Tag Archives: Luke 15

Outer Circle Christians (Part 6 of 6)

[The final piece of this topic on Outer Circle Christians. You’ll find the entire essay here…]

“Or suppose a woman has ten silver coins and loses one. Doesn’t she light a lamp, sweep the house and search carefully until she finds it? And when she finds it, she calls her friends and neighbors together and says, ‘Rejoice with me; I have found my lost coin.’ In the same way, I tell you, there is rejoicing in the presence of the angels of God over one sinner who repents.” Luke 15:8-10

 

“Doesn’t she light a lamp?”

 

The woman lights candle, not so the coin can see her, but so she can see it. In the same way the Holy Spirit helps us find trashed yet treasured people and empowers us to bring them back to their rightful Owner. Continue reading

Outer Circle Christians (Part 5 of 6)

The previous posts of this series give the context for this sort of out of the box interpretation of this parable in Luke 15:8-10. I recommend you read those first.

The Spirit lights the way for outer circle saints to seek outer circle sinners

“Or suppose a woman has ten silver coins and loses one. Doesn’t she light a lamp, sweep the house and search carefully until she finds it? And when she finds it, she calls her friends and neighbors together and says, ‘Rejoice with me; I have found my lost coin.’ In the same way, I tell you, there is rejoicing in the presence of the angels of God over one sinner who repents.” Luke 15:8-10

Of the three, this tiny parable is probably the least familiar and its interpretation a little up for grabs. Each one of these stories seems to feature a different Member of the Trinity. Jesus stars in the lost sheep story as the Shepherd and the Father plays the protagonist in the prodigal son parable. I propose that in this one the Holy Spirit is depicted by the lamp that lights the way for the woman who is on a quest to find her lost coin. To my mind, the woman herself represents the Church – the Bride of Christ – who, in the light of the Spirit, fervidly searches for lost, but priceless people. Continue reading

Outer Circle Christians (Part 4 of 6)

[I hope you’ll take a look at the 1st three posts or if you’d prefer to view the entire essay you can find it on barneywiget.com.]

The Father loves outer circle sinners and wants his inner circle sons to love them too (Luke 15:11-32)

The most familiar of the three stories is what we typically call the Prodigal Son Parable. Of all Jesus’ parables, this one probably contains the largest cache of spiritual themes and lessons. Each character is significant. There’s the defiant Outer Circle Son who rebelled and later repented. There’s the Pharisaical Inner Circle Son who detested his father’s fawning over his Outer Circle poor excuse for a brother. And then there’s the father who loves his sons fervidly and equally – both the Inner and Outer Circle one. Both sons broke their father’s heart. One left home, while the other one was never really “at home” to begin with. He was as lost as his younger brother, albeit lost while at home. The younger was lost in his rebellion with an empty stomach and the other was lost in his religion with an empty heart. Both needed to come home! Continue reading

Outer Circle Christians (Part 3 of 6)

[I recommend that you take a look at the 1st and 2nd posts or if you’d prefer to view the entire essay you can find it on my website.]

JESUS ­IS AN OUTER CIRCLE SEEKING SAVIOR

“Suppose one of you has a hundred sheep and loses one of them. Doesn’t he leave the ninety-nine in the open country and go after the lost sheep until he finds it? And when he finds it, he joyfully puts it on his shoulders 6 and goes home. Then he calls his friends and neighbors together and says, ‘Rejoice with me; I have found my lost sheep.’ 7 I tell you that in the same way there will be more rejoicing in heaven over one sinner who repents than over ninety-nine righteous persons who do not need to repent.” Luke 15:3-7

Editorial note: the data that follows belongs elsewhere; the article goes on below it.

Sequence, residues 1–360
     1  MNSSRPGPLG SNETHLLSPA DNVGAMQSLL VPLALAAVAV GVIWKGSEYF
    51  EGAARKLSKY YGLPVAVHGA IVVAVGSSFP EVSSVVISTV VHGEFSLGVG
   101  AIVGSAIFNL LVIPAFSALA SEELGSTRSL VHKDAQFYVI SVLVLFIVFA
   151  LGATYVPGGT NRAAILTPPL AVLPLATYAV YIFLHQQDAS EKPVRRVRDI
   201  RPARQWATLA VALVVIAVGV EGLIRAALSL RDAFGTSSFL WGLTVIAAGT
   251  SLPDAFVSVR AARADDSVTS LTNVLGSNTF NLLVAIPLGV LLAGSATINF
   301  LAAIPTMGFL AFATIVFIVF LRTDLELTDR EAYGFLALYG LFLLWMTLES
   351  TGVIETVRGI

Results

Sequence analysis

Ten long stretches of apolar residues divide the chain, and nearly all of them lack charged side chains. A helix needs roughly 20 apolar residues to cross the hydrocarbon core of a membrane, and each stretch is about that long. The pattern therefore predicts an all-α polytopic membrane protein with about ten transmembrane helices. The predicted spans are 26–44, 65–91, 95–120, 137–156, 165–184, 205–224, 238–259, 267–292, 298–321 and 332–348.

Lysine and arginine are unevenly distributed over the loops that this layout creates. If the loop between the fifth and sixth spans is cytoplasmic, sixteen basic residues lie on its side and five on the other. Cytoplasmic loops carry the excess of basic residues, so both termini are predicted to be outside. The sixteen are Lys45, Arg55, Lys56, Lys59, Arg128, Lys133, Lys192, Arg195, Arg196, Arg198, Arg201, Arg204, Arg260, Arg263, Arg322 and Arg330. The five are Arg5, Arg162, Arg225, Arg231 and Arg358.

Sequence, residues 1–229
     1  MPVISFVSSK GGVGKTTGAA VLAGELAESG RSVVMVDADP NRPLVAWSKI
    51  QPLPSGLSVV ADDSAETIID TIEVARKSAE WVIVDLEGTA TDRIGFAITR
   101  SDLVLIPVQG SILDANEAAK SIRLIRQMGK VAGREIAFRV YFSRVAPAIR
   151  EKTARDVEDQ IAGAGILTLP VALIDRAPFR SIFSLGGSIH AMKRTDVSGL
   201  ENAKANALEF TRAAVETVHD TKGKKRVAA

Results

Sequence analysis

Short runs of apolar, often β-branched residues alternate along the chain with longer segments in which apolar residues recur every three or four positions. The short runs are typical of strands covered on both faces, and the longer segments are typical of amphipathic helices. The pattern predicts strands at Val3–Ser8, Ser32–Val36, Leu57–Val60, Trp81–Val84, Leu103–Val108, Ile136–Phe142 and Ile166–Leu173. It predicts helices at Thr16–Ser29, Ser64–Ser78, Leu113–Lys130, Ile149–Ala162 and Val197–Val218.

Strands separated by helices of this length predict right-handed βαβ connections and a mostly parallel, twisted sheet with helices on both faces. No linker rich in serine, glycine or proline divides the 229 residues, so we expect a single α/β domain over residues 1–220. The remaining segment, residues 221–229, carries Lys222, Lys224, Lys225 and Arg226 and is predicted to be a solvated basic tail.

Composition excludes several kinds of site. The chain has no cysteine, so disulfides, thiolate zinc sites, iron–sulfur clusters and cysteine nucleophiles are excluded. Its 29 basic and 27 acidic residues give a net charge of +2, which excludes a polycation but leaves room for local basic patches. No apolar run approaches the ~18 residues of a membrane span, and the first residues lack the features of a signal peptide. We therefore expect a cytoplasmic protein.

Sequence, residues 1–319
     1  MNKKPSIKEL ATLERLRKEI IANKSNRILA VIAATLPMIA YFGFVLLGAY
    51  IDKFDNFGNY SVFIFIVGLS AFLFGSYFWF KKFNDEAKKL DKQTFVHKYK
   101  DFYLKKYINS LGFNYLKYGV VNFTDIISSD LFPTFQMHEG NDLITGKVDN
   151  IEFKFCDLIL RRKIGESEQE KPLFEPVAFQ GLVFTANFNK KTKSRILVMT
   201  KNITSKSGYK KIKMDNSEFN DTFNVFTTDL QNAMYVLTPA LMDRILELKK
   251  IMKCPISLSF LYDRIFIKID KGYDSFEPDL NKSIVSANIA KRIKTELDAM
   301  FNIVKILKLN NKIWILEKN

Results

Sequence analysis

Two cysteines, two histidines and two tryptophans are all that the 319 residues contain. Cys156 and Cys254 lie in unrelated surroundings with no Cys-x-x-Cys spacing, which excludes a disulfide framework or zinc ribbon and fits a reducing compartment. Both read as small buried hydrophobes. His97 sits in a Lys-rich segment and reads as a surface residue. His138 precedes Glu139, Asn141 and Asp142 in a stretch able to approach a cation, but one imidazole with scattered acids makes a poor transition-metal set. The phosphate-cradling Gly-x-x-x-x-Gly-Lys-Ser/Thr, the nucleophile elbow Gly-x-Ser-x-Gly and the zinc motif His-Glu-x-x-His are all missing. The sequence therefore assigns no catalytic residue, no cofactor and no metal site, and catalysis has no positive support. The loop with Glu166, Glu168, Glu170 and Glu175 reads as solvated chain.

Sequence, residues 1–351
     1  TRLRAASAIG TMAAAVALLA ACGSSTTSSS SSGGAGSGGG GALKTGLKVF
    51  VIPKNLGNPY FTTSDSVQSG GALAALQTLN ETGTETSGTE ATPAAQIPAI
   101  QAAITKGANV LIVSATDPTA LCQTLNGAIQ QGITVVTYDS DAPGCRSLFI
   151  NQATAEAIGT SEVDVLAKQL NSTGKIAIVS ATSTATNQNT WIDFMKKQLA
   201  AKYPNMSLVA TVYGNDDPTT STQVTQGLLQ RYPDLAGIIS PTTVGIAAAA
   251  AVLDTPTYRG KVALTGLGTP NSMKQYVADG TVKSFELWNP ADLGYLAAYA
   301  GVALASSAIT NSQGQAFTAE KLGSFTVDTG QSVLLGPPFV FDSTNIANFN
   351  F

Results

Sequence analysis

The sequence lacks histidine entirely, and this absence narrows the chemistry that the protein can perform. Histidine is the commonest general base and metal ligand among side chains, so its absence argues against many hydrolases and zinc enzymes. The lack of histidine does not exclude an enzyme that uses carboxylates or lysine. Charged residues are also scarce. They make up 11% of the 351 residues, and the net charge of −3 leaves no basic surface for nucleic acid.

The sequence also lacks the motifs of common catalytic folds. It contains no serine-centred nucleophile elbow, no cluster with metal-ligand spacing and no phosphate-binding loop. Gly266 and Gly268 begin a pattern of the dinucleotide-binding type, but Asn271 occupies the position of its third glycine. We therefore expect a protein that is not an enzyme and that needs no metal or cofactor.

The Messiah that the Pharisees and other God experts made up in their minds would choose them for his Inner Circle. They were the best “Christians” in town, so certainly they would be his Generals while all the actual bad people wouldn’t even make it in his army. That’s why they couldn’t understand what he was doing eating meals with LGBTs and lazy drug addicted homeless people – oops ­– I meant “sinners and tax collectors.” Continue reading

Outer Circle Christians (Part 2 of 6)

“This man welcomes sinners and eats with them.” Luke 15:2

Jesus’ welcome was way too wide for the spiritual experts of his time. They didn’t like the people he welcomed, how they looked, where they were from, or how they worshipped. The Pharisees, Judaism’s self-appointed Inner Circle in Jesus’ day, weren’t interested in reaching Outer Circlers. They were way too busy judging them. It’s hard to give people a hand up and push down on them at the same time. The restrictive spirituality of those who looked on the aimless and adrift with disdain sets the tone for the rest of the chapter and the three parables that Jesus told to expose it. Continue reading

Outer Circle Christians (Part 1 of 6)

 “This man welcomes sinners and eats with them.” Luke 15:2

When I was a kid I had a semi-harmless addiction to merry-go-rounds. It was always the first thing I ran to when unleashed on a playground. “Faster!” I shouted to whoever was willing to push as my face turned blue and my stomach queased. For me the game was resisting the increasing centrifugal force pushing outward by fighting my way to the center. I found it surreal that in the middle I could no longer feel the force pushing me outward. I’m sure there’s some science to it – something about Newton and a law he made up – but all I knew at the time was I had won the battle against the merry-go-round, usually at the price of near vomit. Continue reading